Drying kitesurf equipment in wet weather and lack of space

Natta kite drying

Drying kitesurfing equipment is a must because storing it wet is out of the question. For example, kitesurfing again with an unrinsed (wet) wetsuit is uncomfortable and unhygienic in the long term. Storing a wet kite causes mold. The 'weather' comes in. You can extend the life of your kite and kitesurfing equipment if you rinse and dry it. In this blog we give you some tips on how to deal with this. For example, how to dry your kite if you lack space.

Safe out, safe home

Of course you have to take a few things into account when preparing for your kitesurfing session in the rain. For example, you don't want to kitesurf during a thunderstorm. Read the tips in the blog: Can I kite surf today?

Tips on the waterfront

Keep the storm going?

Sometimes it is a matter of 5 minutes after which it dries again. Then it is useful not to pack during the downpour but to wait. When preparing for your session, you know approximately how long a shower will last. Are you in the tail end of a storm and it's time to go home? Then it makes sense to continue kitesurfing so that your kite is dry when you lower it. Nothing is as nice as putting a dry kite in the bag. You don't have to let it dry at home anymore.

Cleaning kitesurf equipment

Are you going home with a wet kite? In any case, make sure it is as clean as possible. As you can see in the video, knock the sand off your kite and rinse your bar with lines, board, trapeze, pump and yourself before you walk to the car. Do not completely submerge the pump in order to keep the interior as dry as possible.

Boardbag and storage bag

Once at the car, you store your kitesurfing equipment as watertight as possible. This prevents a lot of residual moisture and sand in the car or even salt crystals in the upholstery. I have a simple and cheap Decathlon board bag and well-known Frakta bag from IKEA, but there are of course much more charming solutions via the kitesurf shops to obtain.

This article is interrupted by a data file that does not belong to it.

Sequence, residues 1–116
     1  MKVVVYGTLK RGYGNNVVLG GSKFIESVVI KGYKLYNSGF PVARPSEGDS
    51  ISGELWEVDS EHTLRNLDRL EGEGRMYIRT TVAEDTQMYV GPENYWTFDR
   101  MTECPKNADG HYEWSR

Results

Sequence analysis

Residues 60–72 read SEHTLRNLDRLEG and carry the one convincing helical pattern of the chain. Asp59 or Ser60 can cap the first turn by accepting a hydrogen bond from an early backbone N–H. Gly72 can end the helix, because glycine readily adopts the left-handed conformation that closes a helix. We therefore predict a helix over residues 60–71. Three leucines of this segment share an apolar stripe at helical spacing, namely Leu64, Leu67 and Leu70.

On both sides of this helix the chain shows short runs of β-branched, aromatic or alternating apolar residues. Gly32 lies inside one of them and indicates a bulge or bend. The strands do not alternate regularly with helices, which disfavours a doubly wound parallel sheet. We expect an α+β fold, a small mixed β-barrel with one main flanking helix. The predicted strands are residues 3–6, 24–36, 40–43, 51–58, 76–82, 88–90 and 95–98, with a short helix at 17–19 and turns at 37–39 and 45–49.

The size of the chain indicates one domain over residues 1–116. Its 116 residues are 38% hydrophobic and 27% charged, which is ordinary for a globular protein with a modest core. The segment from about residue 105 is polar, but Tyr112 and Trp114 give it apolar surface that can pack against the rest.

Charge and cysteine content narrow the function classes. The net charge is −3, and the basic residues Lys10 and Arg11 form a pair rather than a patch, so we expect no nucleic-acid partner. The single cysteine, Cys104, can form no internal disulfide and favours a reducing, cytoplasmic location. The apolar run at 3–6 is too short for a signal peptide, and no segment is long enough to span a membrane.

Watch more videos via KitesurfPro.nl Youtube Channel

Dry your kite once at home

To rinse with fresh water or not?

Perhaps a bit too economical, but I prefer to rinse a kite that has crashed in the sea at home with fresh water. This prevents salt crystals on the leading edge in the long term and ensures a longer lifespan of the kite. I always rinse the kiteboard, the bar with lines, wetsuit, etc. with fresh water. At the bar I always pay extra attention to cleaning the safety system.

Drain first

Drying without a garage or large empty space is a thing in itself. Wet items must first drain, otherwise the moisture will penetrate everywhere. If you hang your wetsuit along the wall, for example, you can be sure that the stucco or wallpaper will become damp and the plinth below will quickly fill up with water. Shame. So I hang the stuff outside or in the shed to drip dry, after which I hang it inside overnight with a towel underneath.

Wet kite drying

The kite is almost never so soaked that it drips out. So I just put it on the laminate. If necessary, I first dry it a bit with a cloth and put an old bath towel under it. As you can see, the kite can be folded quite a bit so that family members can easily pass it. You can put the kite back after an hour or so so that the parts that are still wet can also dry. My experience is that a kite dries quickly indoors.

Conclusion drying kitesurf material

Are rainy days a reason not to go kitesurfing? A vote shows that 70% don't care much about it and this also applies to us. We don't let rain and the consequences of wet kitesurfing equipment stop us. In this blog you have received a number of tips on how to deal with this. Last but also important to mention is the attention for the home front. The home front wants to keep you happy. Of course you also make sure that you vacuum when your kitesurfing equipment is dry and packed. That way it will be fun for everyone.


  1. I always rinse everything after every session, bar, shoes, pump, board, wetsuits, etc. But if you really don't have room for the (a wet) kite, for example, then that is often a lot of hassle. What also works is to roll up the kite as dry as possible after a session (see above) and let it breathe/dry open in the bag at home. After a day, take the kite out and dry it and roll it back up in the room. There isn't a vacuum cleaner or broom that can't solve that. Or you have to move to the south 🌞

  2. Tip from Theo, I always do it, but especially when it rains, fold the kite in half, so the inside stays dry and free of sand. When I go to the sea, I take a jerry can (5 liters) filled with (rain) water, so I can put on my wetsuit and rinse my stuff. Then everything goes into the car quite clean and at home everything goes into the rain barrel again.

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